Welcome to the home page of Tor Erik Rusten's group
Our group aims at understanding the cell biological basis of epithelial-derived cancer at the cellular, organ and organismal level. Epithelial-derived cancers (carcinomas) develop in a stepwise manner with complex interactions between cancer-initiating cells, nearby normal cells, the immune system, extracellular matrix and the overall animal physiology. Moreover, cells from the original tumor evade its original location, invade neighboring tissues and disseminate, finally killing the host. Current dogma holds that several protective control mechanisms both at the cellular and organ level must degenerate by mutations or gene expression changes of tumor suppressors and proto-oncogenes to drive these changes that are not easily addressed in simple cell culture systems. To overcome these limitations and to capture a wider array of the complexities of the mechanisms of carcinogensis we are using a combination of the genetically amendable animal model system, Drosophila melanogaster and a human organoid model system that approximates real organ architecture in vivo. Drosophila is very powerful to study the biological function(s) of unknown and identified tumour suppressor genes and oncogenes and place them into pathways and context. Drosophila conveniently lends itself to analyse tumor suppressors as genetically labelled homozygous mutant cells can easily be made in an otherwise heterozygous mutant background, emulating loss of heterozygosity of tumor suppressors in cancer, representing an in vivo cancer model under physiological conditions. Additionally, proto-oncogenes can easily be expressed and analysed in a controlled manner in any organ. Finally, cooperation of oncogenes and tumor suppressors in carcinogenesis can be studied in vivo under different physiological conditions. Human organoid cell culture is another powerful system to model epithelial-derived cancer development in their 3D environment approximating an in vivo situation. In particular, the loss of organized epithelial structure, contact inhibition restricting tumor growth, breakdown of extracellular matrix and cell evasion can be studied.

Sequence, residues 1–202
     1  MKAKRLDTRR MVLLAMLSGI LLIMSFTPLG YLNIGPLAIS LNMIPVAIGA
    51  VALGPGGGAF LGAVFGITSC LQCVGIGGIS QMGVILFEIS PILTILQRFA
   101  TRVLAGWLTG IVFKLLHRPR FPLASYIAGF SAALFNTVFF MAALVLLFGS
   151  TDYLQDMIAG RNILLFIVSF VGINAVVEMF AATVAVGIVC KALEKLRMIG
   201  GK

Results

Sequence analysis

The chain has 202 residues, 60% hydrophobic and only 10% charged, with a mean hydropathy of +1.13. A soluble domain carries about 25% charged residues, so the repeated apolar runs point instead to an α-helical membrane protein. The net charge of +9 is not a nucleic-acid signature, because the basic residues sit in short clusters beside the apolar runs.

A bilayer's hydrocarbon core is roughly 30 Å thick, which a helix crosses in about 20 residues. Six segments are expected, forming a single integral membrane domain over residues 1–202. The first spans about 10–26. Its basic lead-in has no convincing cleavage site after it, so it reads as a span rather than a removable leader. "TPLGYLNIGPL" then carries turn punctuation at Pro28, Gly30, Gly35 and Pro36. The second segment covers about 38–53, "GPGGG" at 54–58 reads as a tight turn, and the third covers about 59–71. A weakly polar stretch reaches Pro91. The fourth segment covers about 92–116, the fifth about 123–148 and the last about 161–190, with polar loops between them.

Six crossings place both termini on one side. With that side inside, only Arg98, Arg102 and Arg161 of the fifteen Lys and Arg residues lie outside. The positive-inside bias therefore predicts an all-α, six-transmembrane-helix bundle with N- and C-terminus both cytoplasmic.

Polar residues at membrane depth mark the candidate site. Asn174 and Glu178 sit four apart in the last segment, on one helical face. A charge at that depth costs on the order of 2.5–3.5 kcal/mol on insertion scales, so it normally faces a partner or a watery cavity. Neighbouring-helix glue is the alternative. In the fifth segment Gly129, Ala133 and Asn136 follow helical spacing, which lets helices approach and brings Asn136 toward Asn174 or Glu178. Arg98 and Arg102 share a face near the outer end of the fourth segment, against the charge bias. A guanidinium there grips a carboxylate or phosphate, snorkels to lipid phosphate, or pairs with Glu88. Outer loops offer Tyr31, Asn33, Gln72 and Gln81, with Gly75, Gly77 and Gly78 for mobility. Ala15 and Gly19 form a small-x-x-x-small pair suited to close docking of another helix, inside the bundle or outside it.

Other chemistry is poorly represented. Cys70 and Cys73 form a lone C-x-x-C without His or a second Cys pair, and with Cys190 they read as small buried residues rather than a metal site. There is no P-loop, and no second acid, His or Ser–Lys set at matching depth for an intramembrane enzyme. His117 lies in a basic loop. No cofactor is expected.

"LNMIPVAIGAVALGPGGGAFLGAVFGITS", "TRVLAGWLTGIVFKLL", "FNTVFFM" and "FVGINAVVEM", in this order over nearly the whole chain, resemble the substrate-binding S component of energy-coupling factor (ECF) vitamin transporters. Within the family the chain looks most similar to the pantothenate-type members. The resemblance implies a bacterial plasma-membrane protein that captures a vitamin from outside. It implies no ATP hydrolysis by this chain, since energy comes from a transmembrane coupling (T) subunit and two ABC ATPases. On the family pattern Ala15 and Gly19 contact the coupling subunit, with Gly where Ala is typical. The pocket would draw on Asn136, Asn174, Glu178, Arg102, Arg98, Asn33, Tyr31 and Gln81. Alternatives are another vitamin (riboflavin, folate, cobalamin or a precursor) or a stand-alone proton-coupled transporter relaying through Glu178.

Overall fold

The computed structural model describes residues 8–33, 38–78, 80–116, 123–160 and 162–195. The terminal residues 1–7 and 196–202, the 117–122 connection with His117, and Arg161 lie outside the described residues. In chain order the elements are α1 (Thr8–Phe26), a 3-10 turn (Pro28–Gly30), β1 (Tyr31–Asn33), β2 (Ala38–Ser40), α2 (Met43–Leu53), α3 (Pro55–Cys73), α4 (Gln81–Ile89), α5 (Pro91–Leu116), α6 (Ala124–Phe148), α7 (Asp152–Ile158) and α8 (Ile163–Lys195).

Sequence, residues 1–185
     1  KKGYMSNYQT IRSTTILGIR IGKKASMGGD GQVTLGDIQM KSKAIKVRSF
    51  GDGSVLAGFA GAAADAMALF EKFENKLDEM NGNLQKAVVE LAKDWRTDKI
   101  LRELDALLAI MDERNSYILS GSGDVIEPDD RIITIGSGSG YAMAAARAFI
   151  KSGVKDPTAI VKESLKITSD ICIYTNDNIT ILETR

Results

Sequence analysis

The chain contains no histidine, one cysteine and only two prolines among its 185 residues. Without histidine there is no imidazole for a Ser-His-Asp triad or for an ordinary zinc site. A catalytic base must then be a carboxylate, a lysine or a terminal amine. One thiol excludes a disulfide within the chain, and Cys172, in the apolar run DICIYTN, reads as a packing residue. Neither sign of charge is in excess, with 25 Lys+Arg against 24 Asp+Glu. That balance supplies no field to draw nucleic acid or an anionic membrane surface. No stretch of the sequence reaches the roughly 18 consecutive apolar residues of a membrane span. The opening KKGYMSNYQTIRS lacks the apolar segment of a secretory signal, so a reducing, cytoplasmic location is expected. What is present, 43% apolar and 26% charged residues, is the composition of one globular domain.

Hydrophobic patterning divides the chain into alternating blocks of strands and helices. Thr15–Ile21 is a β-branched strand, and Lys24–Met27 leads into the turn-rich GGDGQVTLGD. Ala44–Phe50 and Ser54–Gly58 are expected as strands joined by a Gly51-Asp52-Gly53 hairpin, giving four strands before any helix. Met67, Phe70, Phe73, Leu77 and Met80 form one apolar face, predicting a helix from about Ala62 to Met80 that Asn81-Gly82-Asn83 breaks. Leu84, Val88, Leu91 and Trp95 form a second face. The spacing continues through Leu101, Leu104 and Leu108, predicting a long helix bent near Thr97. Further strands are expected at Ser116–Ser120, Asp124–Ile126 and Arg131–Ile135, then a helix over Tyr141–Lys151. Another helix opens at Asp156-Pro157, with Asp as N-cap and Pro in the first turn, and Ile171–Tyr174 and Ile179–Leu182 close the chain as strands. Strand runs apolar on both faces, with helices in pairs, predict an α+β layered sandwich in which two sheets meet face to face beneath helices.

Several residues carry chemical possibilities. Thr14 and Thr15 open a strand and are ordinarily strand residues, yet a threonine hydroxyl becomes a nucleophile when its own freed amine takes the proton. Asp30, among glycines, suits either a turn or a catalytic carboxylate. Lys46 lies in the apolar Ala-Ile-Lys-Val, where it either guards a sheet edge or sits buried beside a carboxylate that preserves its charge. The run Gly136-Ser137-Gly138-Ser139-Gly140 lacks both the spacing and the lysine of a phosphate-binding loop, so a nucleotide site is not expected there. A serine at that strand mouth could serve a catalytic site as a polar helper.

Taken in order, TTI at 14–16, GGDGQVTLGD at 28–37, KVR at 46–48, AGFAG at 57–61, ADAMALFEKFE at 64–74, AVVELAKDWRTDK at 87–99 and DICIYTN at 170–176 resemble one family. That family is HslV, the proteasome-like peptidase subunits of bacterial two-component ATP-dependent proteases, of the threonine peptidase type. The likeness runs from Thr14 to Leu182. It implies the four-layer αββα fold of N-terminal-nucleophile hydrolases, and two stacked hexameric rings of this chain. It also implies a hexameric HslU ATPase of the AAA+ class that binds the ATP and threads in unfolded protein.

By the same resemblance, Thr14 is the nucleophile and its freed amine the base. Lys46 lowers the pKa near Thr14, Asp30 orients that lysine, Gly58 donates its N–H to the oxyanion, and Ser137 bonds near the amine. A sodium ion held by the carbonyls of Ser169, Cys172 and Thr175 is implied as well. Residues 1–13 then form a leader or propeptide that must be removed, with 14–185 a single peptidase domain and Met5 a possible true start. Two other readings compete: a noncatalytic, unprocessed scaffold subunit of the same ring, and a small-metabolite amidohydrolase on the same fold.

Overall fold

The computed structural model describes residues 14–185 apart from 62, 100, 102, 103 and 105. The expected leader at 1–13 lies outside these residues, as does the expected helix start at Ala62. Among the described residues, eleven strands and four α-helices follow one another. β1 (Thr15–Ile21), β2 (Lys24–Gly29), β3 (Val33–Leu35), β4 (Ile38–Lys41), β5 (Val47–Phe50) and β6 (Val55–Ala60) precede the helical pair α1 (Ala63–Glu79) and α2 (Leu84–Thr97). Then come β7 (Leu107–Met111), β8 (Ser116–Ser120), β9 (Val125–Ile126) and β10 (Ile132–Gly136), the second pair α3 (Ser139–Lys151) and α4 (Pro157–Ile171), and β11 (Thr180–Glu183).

Fergal O’Farrell, Ashish Jain, Rojyar Khezri, Tor Erik Rusten, Nadja Katheder, Mahidur M. Rahman.
We collaborate with the research groups of:
- David Bilder, University of California, Berkeley, US
- Christos Samakovlis, University of Stockholm, Sweden
- Terje Johansen, University of Tromsø, Norway
- Heinrich Jasper, Buck Institute for Research on Aging, Novato, US
- Thomas Vaccari, IFOM, Milan, Italy
Post Docs and PhD students
We are always looking for talented and motivated Post Docs and PhD students that wants to join the lab.
If you are interested please contact Tor Erik Rusten by email well in advance to be able to secure funding.
Post Doctoral fellowship:
Norwegian Research Council (2 years, June-start January)
The Norwegian Cancer Society (2years, June-start January)
Helse Sør-Øst (2 years, September-start January)
EMBO (2years, August-Start January)
HFSP (2 years, August-Start January)
FEBS (up to 3 years, bianually)
Growth coordination during development
Mar 27, 2017
Jørgen Wesche appointed group leader for the Mesenchymal Cancer Biology Group at the Department of Tumor Biology
Mar 15, 2017
Prestigious research prize from the Norwegian Cancer Society to pioneer in autophagy research
Mar 7, 2017
Tor Erik Rusten
Microenvironmental autophagy promotes tumour growth
Nature, 541 (7637), 417-420
Guidelines for the use and interpretation of assays for monitoring autophagy (3rd edition)
Autophagy, 12 (1), 1-222